Making run at state title

Hereford freshman Kristen Malloy is a threat to win the Class 2A cross country championship.


In some ways, Kristen Malloy is a typical freshman: prepared to take on new experiences, eager to please, and wary of standing out from the crowd.

But when you can run three miles in less than 20 minutes and you are regarded as one of the favorites to win a state championship in cross country for a school that hasn't boasted an individual state titlist in almost 20 years, blending in is no easy task.

And that's the way it is with Malloy, a freshman at Hereford who has cemented herself as the Bulls' undisputed No. 1 runner and a potential state champion.

In a span of two months, Malloy has finished fourth at the Bull Run, fifth at the Harford invitationals and second to Franklin senior Michelle Donadio at the Baltimore County championships.

Last week, Malloy secured her first victory when she captured the Class 2A North regional crown with a time of 20 minutes, 3.86 seconds -73 seconds faster than the runner-up.

"I really didn't know what to expect," Malloy said of her accomplishments. "It's been a lot of fun. It hurts, but it's been a good season."

Malloy's success has caught the attention of several observers, including Atholton junior Alison Smith, who is looking to retain the Class 2A state title she claimed last year over Hereford's arduous 3-mile course.

"She could be a threat," Smith, last season's All-Metro Runner of the Year, said of Malloy. "I'm thinking that [the state meet is] on her home course, which gives her a little bit of an advantage. It's going to be tough."

Said Malloy: "Yeah, well, same to her. I'm more worried about her. We'll just see what happens."

Malloy has proven that she is not afraid of competition. She has pulled down straight A's since elementary school and was president of the Junior National Honor Society at Hereford Middle School - without any prompting from her parents.

On the course, Malloy is usually leading or staying on the heels of the leaders. Marta Randall, a freshman on the Bulls team and one of Malloy's closest friends, said her determination is what carries her through moments of pain and exhaustion.

"She wants to do really well," Randall said. "Most people think, `Oh, I'm not sure I'm going to come in the top 10.' Kristen worries about coming in first. That's what concerns her."

Being in front has its pros and cons. The pros are that you can set the pace and competitors have to catch you. The cons are that staying mentally focused over a long period of time can be draining and you usually never know who is behind you.

Dulaney coach Chad Boyle, who has guided some of the area's best cross country runners, said he has been impressed with Malloy's maturity and concentration in races.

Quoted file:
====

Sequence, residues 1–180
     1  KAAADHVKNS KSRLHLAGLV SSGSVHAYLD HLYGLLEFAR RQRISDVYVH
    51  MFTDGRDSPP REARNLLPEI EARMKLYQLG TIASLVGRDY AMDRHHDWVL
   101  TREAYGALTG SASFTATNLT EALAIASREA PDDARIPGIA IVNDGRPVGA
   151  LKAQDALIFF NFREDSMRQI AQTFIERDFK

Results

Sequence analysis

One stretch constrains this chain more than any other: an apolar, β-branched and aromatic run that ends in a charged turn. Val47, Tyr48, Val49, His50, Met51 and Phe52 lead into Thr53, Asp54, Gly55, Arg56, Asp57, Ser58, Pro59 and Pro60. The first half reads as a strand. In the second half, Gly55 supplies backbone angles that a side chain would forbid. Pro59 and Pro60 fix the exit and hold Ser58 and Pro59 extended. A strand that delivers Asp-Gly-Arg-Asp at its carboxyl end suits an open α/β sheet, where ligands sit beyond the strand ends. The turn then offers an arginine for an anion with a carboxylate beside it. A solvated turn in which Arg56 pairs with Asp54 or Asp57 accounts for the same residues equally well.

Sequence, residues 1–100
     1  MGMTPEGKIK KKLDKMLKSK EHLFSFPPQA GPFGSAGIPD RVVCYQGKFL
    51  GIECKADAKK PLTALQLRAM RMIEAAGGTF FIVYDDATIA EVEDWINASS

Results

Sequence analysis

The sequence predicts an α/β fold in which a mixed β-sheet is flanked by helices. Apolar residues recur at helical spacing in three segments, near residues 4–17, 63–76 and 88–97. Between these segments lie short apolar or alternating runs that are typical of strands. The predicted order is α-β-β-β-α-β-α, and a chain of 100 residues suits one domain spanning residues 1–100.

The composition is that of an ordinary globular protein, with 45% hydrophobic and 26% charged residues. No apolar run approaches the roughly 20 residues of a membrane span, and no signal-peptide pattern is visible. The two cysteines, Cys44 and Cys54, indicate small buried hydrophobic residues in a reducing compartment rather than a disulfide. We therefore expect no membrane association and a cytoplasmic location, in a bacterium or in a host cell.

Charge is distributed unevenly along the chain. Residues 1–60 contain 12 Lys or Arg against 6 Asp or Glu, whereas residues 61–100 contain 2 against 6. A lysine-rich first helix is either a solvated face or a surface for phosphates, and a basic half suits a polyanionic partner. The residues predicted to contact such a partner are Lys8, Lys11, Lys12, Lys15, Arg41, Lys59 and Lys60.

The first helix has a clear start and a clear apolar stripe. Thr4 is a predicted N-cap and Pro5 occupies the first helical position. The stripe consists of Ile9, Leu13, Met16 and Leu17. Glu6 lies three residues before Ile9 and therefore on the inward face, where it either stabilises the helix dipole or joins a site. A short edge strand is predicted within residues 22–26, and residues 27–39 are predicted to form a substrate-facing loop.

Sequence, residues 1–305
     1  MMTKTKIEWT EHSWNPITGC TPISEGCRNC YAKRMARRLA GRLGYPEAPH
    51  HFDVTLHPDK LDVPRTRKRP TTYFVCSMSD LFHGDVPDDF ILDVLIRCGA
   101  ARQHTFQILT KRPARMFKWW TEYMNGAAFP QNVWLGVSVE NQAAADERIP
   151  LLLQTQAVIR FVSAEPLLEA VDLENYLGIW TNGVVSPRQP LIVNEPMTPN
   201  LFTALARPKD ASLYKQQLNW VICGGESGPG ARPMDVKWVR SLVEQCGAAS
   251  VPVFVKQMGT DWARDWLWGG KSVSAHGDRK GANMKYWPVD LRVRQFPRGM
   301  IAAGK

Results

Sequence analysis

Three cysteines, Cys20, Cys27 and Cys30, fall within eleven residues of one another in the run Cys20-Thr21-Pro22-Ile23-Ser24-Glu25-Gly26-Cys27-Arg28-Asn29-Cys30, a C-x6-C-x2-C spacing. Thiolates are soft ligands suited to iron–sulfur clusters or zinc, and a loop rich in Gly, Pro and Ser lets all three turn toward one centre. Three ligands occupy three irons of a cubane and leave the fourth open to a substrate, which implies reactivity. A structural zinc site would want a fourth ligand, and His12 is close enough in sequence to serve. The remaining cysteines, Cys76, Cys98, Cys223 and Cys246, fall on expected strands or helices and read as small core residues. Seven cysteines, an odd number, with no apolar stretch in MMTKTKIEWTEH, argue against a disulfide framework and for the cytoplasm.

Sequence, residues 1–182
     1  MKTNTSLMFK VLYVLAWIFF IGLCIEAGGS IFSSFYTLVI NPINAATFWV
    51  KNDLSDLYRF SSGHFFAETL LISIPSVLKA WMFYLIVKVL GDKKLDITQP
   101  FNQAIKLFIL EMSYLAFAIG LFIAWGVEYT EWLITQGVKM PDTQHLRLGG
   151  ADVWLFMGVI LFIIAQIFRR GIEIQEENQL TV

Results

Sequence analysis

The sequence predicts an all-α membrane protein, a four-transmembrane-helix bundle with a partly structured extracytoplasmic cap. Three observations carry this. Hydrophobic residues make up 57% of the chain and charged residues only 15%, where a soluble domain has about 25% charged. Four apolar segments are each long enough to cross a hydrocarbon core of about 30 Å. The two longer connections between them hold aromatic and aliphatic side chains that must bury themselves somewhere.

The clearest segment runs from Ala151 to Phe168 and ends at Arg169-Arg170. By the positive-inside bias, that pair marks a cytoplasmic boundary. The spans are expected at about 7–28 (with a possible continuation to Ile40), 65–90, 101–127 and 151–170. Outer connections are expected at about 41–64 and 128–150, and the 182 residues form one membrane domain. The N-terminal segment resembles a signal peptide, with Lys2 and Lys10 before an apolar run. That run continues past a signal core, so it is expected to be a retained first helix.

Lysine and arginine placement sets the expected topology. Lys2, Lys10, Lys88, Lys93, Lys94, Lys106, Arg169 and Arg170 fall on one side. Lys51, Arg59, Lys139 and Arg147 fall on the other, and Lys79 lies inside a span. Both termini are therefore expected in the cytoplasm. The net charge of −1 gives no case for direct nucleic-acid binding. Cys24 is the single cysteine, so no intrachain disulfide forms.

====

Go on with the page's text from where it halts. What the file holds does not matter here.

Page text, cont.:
"She has handled the pressure of being up front," he said. "That's tough to do for a young kid. There's going to be ups and downs, and they have to maintain their confidence through those ups and downs. ... She's handled the pressure of varsity experience really well."

Malloy's development as a long-distance runner began when she was a seventh-grader. Her father, Patrick, a former runner who helped Beverly High School win three Massachusetts state crowns in cross country, sought to resume running after a long layoff, but he needed a partner.

Enter Kristen, who had been swimming for about six years but was looking for something new.

"She really took to it right off the bat," said Patrick Malloy, who would wake his daughter at about 4:30 a.m. to go running before he had to drive to the University of Maryland Medical Center, where he is a radiologist. "She would get up with me, and she'd come out with me every day before school. It was just a real pleasure for me."

Soon, father and daughter were participating in 5K's, 10-milers and half-marathons. Last spring, the pair won the father-daughter award at a 5K sponsored by a Baltimore hospital for posting the fastest combined time.

To prepare for the cross country season at Hereford, Kristen Malloy averaged 60 miles of running per week during the summer. Malloy said she usually ran every day, taking a break on an occasional Sunday.

As with any newcomer, Malloy was somewhat concerned about how she would be perceived by her older teammates, who had claimed the Class 2A state championship last fall for the first time since 1980.

Russ Drylie, who co-coaches the Hereford program with Elena Basignani, said he was a little apprehensive, too.

"We knew she was going to be a really strong front-runner, which we haven't had on the team before," Drylie said. "We weren't too sure how everybody was going to react, but they're all family. They've been great."

Malloy opened her season by placing fourth in the elite division of the Bull Run in mid-September, plucking off seasoned veterans like Smith, 2004 Anne Arundel County titlist Tait Woodward of Broadneck and 2004 Baltimore County champion Emma Larkin of Dulaney.

Two weeks later, Smith turned the tables on Malloy at the Harford Invitational, but Malloy managed to finish fifth in the seeded race at Tollgate Park in Bel Air.

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